The paradox is that by creating more “realistic” heroines while leaving heroes unchanged (or making them even more alpha) authors have ended up making romance novels less rather than more realistic. In the language of the SMP, heroes are now almost all 9’s or 10’s, while heroines are generally 6’s or 7’s. It’s important to understand that heroines are not simply (on average) less beautiful than they used to be, but also that their attitudes and behavior have changed in ways that one would expect to make them less attractive to men. Eve Dallas is far from the most extreme example of this.

    It gets even worse. Not only does the hot alpha male could end up with the plain heroine, but in most romance novels he is the one doing all the chasing. The hero utterly adores the heroine and jumps through hoops to prove himself worthy of her – while she often doesn’t behave in a way that is likely to elicit commitment from him. My reaction to many of these novels is to ask: what does he see in her, and why does he value her above all other women? After all, you would think that a handsome, charming Regency duke or a contemporary billionaire would have a very wide range of romantic options.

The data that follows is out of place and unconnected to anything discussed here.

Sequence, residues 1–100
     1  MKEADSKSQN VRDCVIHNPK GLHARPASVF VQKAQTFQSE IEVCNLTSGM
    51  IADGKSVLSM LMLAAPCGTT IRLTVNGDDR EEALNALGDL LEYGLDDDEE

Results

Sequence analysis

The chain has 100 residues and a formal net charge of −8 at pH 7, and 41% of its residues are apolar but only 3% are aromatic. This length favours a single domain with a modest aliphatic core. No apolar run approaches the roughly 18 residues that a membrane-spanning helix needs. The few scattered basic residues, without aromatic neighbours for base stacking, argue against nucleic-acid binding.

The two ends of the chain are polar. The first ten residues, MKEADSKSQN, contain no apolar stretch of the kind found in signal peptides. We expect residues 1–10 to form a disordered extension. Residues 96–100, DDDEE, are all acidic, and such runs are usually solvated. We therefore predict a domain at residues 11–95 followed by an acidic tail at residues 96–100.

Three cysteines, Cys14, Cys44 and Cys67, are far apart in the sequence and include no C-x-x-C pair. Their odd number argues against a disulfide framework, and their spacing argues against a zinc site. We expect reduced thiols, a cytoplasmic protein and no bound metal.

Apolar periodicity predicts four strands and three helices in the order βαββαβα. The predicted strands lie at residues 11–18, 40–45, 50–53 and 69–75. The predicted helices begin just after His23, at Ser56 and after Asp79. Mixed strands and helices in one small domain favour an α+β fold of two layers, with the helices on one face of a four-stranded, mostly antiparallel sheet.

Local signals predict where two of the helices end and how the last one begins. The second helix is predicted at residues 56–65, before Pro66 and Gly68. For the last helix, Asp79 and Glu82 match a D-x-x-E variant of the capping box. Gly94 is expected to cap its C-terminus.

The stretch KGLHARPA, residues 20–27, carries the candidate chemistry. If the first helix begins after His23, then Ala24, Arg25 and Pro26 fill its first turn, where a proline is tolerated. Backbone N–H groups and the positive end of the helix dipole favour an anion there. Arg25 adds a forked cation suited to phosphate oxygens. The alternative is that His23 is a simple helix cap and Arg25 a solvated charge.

In Romancelandia there is a great deal of wishful thinking about male preferences concerning long-term relationships. Men are supposed to admire women for their strength, courage and intelligence. While these are all admirable qualities (contrary to what some feminists claim, most alpha men don’t feel “threatened” by successful women), they are not necessarily the qualities most sought after in a wife. Conversely, heroes are not supposed to care about the heroine’s looks, or how many sexual partners she has had, although in the real world we know that these things do matter. Above all, the “strong, independent” heroines featured in many novels seem notoriously lacking in empathy, the quality that – for me, at least – matters most of all.